Born to Pipette?

By Sarah Wiseman

‘So, what are you going to do after you graduate?’ A cruel question often posed by relatives, and sometimes even friends. It is particularly terrifying question for the soon-to-be finalist. Although a question potentially deflected by further study— ‘maybe a Masters or a PhD?’ is always going to be a better sounding answer than admitting that you don’t have a clue.

The Arabidopsis has just germinated, and is growing in one of the growth rooms beneath the Department.

The Arabidopsis has just germinated, and is growing in one of the growth rooms beneath the Department.

Though that does raise a second, slyer question ‘Am I cut out for it?’ Undertaking your own research is a completely different kettle of fish to attending lectures and a couple of practicals a week as an undergrad. With all that in mind I arranged (in an unusually proactive move) to spend roughly seven weeks working in Dr David Hanke’s lab, within the Plant Sciences Department at Cambridge. This blog within a blog will be a record of my time there, and proof that I didn’t just disappear in the Summer of 2014…

The Game is Afoot 

During this first week I have learnt many useful things; the location of the Growth Room (in the basement); how to sow hundreds of Arabidopsis seed (sterilise them in bleach then pipette evenly onto plates of agar); where the liquid nitrogen is kept (under lock and key behind the building) and more importantly, what I will be working towards over the next six weeks.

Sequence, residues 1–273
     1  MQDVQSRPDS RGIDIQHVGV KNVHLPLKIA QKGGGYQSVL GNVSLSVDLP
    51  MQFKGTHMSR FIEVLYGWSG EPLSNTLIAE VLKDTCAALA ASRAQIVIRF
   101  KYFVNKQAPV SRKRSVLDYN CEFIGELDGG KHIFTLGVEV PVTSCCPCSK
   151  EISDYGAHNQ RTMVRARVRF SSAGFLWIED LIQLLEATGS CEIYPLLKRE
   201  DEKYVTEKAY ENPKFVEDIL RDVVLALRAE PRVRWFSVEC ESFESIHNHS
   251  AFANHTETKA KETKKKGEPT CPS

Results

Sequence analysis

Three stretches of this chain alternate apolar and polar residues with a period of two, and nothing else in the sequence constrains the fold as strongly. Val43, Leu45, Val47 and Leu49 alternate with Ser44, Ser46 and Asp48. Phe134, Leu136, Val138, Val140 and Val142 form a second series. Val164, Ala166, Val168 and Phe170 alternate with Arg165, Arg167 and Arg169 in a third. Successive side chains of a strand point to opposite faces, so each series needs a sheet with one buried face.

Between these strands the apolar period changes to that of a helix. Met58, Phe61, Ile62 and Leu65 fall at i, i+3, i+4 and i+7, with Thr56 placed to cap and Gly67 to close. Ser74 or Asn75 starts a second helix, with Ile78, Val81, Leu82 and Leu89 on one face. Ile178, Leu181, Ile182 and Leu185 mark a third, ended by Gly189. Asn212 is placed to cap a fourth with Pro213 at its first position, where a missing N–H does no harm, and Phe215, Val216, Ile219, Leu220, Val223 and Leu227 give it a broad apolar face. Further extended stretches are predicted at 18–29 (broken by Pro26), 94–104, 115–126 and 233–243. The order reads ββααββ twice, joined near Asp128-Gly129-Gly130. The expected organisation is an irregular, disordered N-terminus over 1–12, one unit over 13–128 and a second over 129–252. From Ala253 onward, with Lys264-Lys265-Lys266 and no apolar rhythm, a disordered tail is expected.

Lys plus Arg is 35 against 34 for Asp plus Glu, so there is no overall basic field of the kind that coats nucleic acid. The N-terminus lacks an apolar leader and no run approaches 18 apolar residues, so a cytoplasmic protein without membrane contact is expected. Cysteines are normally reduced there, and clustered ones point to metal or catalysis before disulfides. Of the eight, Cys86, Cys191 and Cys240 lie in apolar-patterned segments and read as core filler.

Harvesting and correctly labelling each variety – if you discover something amazing in a particular wheat sample it’s so good to anyone if you can’t remember which variety it belongs to!

Harvesting and correctly labelling each variety – if you discover something amazing in a particular wheat sample it’s so good to anyone if you can’t remember which variety it belongs to!

All of the experiments that I’m carrying out will be investigating the role of cytokinin binding protein (CKP) in dormancy. Cytokinins are a group of plant hormones involved in cell division/growth and CKP prevents their action – halting germination or growth for a given period of time. The CKP levels in different crops play a role in the security and reliability of our food supply. Low levels of CKP reduce the length of time which potatoes can be stored without sprouting. Whilst in wheat, low levels correlate with greater pre-harvest sprouting (when the grains of wheat germinate whilst still attached to the parent plant, reducing crop yield and making useless bread). My experiments will help provide evidence required to begin conventional breeding programmes in both wheat and potatoes, in order to produce crops with a higher level of CKP.

Grand unifying purpose aside, I did very little towards those ends, mainly collecting and preparing plant material – planting the Arabidopsis, ready for harvest in four weeks or so and picking ears of wheat. It was rather a lazy week, but you have to start somewhere!

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